Unformatted text preview: In the graph at right, I have drawn a total cost curve running from negative one units of output to four units of output. Now it should be obvious to you that a firm would not produce a negative output. I drew the total cost function from negative one to better show the shape of the curve and because I’ll use negative one to approximate the marginal cost at zero units of output. The total cost curve depicted is everywhere increasing as output increases (i.e. is everywhere positively sloped), but it is not increasing at a constant rate. Initially total cost rises at a fairly rapid rate, but then the rate of increase slows, yielding a somewhat flat section. Finally, the rate of increase accelerates again. Since marginal cost is the rate of change in total cost (the slope of the total cost curve), the marginal cost curve will be U-shaped. 10 X 4 X 3 X TC 2 3 . . X TC VC AC X TC ' ' 1 X ' –1 2 –8 – – 0 10 0 infinite 8 1 12 2 12 2 2 14 4 7 2 3 22 12 3 1 7 8 4 42 32 2 1 10 20 If the firm faces a U-shaped marginal cost curve, then at low levels of output, it can increase the marginal...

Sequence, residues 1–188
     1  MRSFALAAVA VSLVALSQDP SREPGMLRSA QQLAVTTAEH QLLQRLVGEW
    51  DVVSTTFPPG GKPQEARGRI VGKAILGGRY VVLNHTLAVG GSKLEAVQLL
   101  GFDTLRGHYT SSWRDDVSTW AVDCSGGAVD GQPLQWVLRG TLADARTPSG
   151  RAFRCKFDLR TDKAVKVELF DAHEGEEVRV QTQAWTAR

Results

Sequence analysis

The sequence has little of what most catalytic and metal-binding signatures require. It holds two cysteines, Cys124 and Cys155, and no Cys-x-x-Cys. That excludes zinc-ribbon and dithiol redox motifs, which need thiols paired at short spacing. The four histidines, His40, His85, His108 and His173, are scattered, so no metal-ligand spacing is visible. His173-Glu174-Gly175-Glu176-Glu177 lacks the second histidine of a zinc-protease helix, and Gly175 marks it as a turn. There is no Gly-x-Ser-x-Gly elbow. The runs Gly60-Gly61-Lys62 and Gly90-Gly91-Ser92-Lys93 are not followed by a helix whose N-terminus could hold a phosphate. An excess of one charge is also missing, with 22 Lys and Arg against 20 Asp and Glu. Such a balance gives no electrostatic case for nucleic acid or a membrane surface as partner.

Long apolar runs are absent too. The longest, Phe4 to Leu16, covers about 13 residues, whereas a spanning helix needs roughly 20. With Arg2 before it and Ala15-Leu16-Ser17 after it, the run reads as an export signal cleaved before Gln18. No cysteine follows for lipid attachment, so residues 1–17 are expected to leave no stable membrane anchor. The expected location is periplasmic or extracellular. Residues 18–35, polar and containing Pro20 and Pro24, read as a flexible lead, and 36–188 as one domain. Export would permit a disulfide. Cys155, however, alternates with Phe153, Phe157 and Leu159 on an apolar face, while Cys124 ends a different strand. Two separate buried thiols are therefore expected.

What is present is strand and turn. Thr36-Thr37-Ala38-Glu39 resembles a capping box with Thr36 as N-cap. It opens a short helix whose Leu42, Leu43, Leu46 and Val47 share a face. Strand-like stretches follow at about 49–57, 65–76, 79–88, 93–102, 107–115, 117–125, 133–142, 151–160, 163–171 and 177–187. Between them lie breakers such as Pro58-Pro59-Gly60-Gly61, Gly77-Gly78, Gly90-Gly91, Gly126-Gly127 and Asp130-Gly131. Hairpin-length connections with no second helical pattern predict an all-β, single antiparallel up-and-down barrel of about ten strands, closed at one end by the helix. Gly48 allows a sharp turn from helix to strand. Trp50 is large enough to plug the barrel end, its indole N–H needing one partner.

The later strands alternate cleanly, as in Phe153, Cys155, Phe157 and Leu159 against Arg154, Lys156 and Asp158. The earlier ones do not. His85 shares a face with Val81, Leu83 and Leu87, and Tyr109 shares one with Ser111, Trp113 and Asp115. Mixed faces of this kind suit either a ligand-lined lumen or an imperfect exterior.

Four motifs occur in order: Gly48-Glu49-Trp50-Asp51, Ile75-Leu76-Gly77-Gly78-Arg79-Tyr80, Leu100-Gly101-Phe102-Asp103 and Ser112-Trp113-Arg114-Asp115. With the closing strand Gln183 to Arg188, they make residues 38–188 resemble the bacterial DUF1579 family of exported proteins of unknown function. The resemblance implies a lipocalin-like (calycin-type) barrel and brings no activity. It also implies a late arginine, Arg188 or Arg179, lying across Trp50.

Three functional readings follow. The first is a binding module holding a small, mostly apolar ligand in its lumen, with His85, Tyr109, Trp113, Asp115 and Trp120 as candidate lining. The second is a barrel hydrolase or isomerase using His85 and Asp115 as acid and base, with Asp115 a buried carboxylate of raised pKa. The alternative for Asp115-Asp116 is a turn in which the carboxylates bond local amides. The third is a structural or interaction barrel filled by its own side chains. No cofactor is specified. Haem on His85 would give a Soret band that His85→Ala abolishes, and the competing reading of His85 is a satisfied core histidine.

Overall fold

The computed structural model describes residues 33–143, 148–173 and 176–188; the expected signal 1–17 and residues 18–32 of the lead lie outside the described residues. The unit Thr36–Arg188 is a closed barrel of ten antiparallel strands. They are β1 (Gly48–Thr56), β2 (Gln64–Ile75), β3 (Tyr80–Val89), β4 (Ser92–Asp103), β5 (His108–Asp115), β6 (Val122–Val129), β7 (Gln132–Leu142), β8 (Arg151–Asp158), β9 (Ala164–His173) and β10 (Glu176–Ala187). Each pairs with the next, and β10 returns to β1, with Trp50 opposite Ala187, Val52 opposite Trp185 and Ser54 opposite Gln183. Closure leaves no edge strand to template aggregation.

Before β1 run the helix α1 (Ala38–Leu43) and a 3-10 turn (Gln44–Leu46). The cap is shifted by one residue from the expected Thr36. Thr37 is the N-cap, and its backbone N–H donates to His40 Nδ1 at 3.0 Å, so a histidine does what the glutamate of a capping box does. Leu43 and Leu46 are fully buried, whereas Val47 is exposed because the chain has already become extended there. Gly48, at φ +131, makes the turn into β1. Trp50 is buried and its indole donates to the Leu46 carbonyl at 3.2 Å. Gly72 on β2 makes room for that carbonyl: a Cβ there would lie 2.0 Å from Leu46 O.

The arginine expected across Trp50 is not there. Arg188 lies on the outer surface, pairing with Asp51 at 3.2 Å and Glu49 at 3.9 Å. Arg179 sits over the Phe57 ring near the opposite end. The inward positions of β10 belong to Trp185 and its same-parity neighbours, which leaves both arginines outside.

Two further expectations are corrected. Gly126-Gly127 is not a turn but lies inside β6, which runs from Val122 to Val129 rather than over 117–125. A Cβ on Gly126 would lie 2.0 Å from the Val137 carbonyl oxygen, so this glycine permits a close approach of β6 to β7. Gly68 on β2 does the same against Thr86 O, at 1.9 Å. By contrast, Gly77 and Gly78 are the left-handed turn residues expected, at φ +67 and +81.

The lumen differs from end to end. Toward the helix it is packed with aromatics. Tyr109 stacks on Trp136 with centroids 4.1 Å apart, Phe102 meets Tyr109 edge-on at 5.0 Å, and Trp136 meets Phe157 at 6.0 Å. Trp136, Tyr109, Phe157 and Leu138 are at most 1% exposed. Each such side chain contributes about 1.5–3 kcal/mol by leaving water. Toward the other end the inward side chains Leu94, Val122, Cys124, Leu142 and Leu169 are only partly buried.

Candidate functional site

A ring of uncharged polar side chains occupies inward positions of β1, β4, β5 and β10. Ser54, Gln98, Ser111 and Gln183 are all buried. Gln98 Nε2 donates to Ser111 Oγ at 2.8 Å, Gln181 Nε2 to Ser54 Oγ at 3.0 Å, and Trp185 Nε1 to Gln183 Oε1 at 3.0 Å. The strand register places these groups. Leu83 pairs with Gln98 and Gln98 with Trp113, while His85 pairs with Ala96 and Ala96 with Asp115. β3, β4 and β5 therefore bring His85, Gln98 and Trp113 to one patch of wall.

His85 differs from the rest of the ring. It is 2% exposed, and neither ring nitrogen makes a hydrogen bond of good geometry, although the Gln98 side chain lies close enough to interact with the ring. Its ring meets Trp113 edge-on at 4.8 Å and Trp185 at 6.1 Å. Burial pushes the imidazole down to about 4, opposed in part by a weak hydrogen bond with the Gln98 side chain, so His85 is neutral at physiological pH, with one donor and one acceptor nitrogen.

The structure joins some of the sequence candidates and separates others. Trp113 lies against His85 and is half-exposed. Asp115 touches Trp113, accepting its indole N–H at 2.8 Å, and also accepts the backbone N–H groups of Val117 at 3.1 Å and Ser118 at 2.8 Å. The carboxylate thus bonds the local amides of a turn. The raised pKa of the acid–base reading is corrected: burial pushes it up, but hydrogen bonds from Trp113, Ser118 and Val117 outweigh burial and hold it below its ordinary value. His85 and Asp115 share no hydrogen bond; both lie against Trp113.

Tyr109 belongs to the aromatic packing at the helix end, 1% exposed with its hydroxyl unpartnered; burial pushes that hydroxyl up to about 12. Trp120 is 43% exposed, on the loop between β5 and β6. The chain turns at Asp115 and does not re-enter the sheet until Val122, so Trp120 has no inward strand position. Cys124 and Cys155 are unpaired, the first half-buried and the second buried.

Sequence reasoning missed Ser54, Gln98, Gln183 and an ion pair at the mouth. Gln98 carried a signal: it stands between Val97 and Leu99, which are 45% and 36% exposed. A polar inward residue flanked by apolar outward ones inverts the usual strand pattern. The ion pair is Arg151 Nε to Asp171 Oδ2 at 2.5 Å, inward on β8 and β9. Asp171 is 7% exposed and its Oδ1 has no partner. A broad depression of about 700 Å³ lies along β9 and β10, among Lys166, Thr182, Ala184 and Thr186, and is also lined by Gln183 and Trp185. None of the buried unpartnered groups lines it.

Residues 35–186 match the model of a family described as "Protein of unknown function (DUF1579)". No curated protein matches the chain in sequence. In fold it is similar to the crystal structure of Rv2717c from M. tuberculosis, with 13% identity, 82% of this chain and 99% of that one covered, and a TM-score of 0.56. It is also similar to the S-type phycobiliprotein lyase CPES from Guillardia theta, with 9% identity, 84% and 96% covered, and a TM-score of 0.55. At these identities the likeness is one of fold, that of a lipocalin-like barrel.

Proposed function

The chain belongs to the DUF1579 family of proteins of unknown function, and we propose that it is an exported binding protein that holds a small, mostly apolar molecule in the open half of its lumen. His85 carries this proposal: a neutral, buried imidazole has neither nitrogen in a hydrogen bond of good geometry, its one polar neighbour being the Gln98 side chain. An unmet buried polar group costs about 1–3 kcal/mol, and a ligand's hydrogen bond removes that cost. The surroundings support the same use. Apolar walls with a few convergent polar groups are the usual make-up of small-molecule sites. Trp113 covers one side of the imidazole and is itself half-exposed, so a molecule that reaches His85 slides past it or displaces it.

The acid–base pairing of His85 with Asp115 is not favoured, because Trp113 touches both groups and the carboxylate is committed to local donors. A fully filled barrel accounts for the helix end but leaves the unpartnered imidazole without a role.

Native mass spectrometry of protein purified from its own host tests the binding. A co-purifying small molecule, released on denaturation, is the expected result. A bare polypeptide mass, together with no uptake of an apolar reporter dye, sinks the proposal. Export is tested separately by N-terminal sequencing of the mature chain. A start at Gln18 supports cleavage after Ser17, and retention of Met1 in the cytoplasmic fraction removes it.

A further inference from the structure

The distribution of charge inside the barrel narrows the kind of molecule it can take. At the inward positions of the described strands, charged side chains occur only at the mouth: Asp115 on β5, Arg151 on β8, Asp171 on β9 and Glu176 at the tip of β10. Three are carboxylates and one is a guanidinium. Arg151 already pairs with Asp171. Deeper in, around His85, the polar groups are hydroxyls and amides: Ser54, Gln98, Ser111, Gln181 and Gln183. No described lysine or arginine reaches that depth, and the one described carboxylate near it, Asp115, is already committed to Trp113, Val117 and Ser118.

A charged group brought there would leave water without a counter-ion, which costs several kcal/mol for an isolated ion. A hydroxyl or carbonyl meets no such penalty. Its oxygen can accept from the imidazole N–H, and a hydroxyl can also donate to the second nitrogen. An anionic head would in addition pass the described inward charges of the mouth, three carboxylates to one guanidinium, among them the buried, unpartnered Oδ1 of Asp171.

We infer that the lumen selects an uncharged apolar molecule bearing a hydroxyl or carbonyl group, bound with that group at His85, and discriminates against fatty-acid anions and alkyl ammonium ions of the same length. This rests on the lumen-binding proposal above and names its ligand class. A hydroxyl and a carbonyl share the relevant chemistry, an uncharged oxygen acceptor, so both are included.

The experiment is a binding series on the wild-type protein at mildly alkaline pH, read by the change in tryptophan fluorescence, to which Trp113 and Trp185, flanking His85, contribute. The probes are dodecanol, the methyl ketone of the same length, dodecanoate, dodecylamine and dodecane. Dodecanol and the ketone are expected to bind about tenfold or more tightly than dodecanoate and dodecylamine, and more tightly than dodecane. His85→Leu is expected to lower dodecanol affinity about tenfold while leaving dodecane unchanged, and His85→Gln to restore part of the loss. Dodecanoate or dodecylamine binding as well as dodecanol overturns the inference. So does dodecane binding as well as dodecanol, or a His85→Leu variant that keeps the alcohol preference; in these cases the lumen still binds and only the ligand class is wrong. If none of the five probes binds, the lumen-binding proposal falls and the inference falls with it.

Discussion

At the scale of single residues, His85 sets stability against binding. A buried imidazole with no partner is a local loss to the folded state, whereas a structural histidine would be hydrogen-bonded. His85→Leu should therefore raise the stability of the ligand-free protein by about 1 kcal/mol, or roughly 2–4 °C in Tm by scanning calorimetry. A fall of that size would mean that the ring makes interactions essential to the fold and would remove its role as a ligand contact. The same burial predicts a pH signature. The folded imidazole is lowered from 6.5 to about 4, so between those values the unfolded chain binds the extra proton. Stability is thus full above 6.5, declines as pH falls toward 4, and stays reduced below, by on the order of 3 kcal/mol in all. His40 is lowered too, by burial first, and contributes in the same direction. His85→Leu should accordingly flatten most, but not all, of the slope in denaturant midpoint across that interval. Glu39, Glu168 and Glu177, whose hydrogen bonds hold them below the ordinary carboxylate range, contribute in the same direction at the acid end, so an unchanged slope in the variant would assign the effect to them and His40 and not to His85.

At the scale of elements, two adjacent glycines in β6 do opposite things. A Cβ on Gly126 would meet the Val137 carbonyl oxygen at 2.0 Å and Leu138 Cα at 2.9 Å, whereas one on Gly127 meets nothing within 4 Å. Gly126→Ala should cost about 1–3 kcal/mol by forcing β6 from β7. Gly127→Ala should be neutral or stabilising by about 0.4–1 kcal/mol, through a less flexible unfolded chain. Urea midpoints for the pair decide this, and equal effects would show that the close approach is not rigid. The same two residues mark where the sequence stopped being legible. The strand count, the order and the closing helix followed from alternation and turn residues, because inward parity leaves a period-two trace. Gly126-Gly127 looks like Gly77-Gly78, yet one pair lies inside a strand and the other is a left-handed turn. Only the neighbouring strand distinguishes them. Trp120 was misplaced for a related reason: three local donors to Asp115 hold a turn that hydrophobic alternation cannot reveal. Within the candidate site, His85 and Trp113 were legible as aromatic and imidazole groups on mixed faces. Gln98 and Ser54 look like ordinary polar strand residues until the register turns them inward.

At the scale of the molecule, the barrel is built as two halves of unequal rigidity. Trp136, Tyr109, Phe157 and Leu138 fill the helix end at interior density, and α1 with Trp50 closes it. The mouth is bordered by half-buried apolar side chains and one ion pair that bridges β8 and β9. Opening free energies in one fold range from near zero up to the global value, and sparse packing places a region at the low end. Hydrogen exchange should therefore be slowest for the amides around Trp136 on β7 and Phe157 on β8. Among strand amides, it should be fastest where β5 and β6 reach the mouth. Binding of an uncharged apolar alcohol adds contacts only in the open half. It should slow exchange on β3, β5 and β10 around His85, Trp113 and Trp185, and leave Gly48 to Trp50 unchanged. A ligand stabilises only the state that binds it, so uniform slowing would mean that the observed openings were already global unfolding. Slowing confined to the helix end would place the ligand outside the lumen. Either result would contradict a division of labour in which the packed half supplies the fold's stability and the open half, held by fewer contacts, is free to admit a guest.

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- Fall '10